“. . . The language of mathematics remained a serious barrier to communication. If only the academic world had room for hybrid mathematician/physicists--but it did not. . . . Mathematicians continued to speak one language, physicists another. As the physicist Murray Gell-Mann once remarked: ‘Faculty members are familiar with a certain kind of person who looks to mathematicians like a good physicist and looks to physicists like a good mathematician. Very properly, they do not want that kind of person around.’ The standard of the two professions were different. Physicists had theorems, mathematicians had conjectures. The objects that made up their worlds were different. Their examples were different.”

So we are told that it is much safer to clearly identify with one group or another. The risk of confusion or loss of credibility is often too great to be seriously considered by any prudent professional, especially those who have learned early and well the rewards of staying within the acceptable and desirable categories. Balance a doubt against a certainty and stay within the conventions of normal science.

But in the end, there is a greater problem: the important thing is that truly original discoveries sometimes require unlearning and relearning not only what one has been taught, but also fundamental and basic elements in the way one thinks about things in general--some of the most fundamental concepts at the core of one's thought processes.

We must not go too far down this road, of course, without pointing out that there are all kinds and levels of accomplishment and creative discovery. Each set of weekly and monthly science periodicals is a feast of enticing new developments. We are all too aware that the conventional system--of university courses and grant programs and research laboratories--is turning out vast quantities of wonderful and exciting and frightening things.

Clearly, the conventional system does produce. It would be wrong to suggest otherwise. (Although it seems to often produce pieces that make the whole less clear. The most general and comprehensive and integrating explanations are the most exciting, but are the most rare.) However, there are other ways. And sometimes the biggest ideas come from the least likely sources. And perhaps the most important ideas come rarely from those who would appear, by conventional standards, to be the best and the brightest.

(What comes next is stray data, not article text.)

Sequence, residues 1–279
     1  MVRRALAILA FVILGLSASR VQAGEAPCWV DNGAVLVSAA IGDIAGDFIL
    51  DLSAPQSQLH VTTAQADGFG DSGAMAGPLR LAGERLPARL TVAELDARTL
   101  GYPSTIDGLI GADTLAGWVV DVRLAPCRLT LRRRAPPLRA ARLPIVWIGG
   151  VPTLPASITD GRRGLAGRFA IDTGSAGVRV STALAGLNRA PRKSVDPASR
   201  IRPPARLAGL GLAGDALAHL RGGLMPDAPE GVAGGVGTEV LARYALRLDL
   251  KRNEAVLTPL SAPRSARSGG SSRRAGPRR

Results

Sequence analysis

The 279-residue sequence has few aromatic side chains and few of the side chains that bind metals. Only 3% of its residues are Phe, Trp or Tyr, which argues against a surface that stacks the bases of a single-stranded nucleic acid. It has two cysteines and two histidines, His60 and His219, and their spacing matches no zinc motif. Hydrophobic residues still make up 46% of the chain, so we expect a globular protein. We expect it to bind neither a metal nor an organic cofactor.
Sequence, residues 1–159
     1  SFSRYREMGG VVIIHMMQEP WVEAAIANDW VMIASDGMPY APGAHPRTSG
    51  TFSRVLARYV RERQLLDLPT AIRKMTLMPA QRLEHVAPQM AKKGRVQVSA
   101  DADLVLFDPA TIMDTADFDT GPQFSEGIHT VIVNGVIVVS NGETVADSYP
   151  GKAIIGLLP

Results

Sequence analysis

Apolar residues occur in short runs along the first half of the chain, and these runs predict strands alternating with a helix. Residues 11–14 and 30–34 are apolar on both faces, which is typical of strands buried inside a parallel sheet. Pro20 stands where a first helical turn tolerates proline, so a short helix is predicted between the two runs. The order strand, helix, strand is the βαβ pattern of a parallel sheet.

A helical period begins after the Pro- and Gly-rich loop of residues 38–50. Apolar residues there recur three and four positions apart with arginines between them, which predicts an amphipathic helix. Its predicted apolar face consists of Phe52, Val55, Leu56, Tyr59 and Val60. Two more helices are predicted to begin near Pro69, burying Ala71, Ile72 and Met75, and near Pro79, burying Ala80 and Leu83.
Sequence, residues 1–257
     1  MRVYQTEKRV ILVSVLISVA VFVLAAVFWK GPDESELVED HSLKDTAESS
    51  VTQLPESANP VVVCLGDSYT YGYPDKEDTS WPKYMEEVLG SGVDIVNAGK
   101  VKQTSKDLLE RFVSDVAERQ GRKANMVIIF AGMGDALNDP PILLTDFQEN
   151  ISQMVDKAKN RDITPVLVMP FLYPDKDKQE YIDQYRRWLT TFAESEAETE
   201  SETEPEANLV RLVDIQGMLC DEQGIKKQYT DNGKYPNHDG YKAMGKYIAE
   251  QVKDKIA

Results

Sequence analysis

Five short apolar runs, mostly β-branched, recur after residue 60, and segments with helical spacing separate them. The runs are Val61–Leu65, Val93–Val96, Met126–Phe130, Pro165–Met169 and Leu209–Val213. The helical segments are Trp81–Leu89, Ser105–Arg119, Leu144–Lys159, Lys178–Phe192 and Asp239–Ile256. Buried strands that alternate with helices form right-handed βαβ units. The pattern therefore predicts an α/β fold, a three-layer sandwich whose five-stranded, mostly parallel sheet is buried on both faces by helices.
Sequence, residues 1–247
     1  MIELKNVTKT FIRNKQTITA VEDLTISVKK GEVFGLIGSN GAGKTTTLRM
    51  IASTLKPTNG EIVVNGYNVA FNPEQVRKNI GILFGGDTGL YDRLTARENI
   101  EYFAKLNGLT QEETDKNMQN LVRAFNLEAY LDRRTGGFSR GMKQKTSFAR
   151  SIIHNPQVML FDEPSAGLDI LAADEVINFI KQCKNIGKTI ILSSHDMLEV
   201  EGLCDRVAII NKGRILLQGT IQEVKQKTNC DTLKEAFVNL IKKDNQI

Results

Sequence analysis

This essential problem may explain why it is sometimes best to work in a field other than the one that one originally studied--if one wants to make truly original contributions. In one's own field, one has already developed a strong internal editor that may serve to criticize and to demolish the “silly” thoughts before they can take hold internally or before they can get out to embarrass you. It is hard to unlearn what you have learned so well. Perhaps, also, this is the reason that it has been observed that the most original ideas often come not from those at the top of their field, but from those who are at the fringes of the field.

The double problem of knowing too much or knowing too little is nicely summarized in a passage from one of the classic studies of scientific creativity. When a field is developing normally, expert knowledge is a great advantage; but when there is an abrupt change in the course of development (or some major new factor becomes evident), expert knowledge may be a considerable disadvantage:

“Thus in subjects in which knowledge is still growing, or where the particular problem is a new one, or a new version of one already solved, all the advantage is with the expert, but where knowledge is no longer growing and the field has been worked out, a revolutionary new approach is required and this is more likely to come from the outsider. The skepticism with which the experts nearly always greet these revolutionary ideas confirms that the available knowledge has been a handicap.”

It is, of course, a double-bind in another sense; one has to be close enough to the conventional in order to obtain the needed information from the conventional sources, to check one's findings and to be able to explain one's new ideas in a way that is understandable and acceptable to conventional modes of thought.

But this is not a new problem. Long ago, an instance of coming close to a discovery but not being able to make the conceptual changes needed to achieve the desired result was observed in a colleague by Michael Faraday. In a letter to a friend who had described to Faraday this colleague's researches on the magnetic condition of matter, Faraday wrote:

“Many thanks, my dear Wheatstone, for your note. I have in consequence seen Bequerel's paper, and added a note at the first opening of my paper. It is astonishing to think how he could have been so near the discovery of the great principle and fact, and yet so entirely miss them both, and fall back into old and preconceived notions.”

Here we see that the power of “old and preconceived notions” may serve as a barrier to imminent discovery in any time or age. Then, as now, for some, one of the greatest deterrents to original discovery may be nothing more than long-established habits of thought.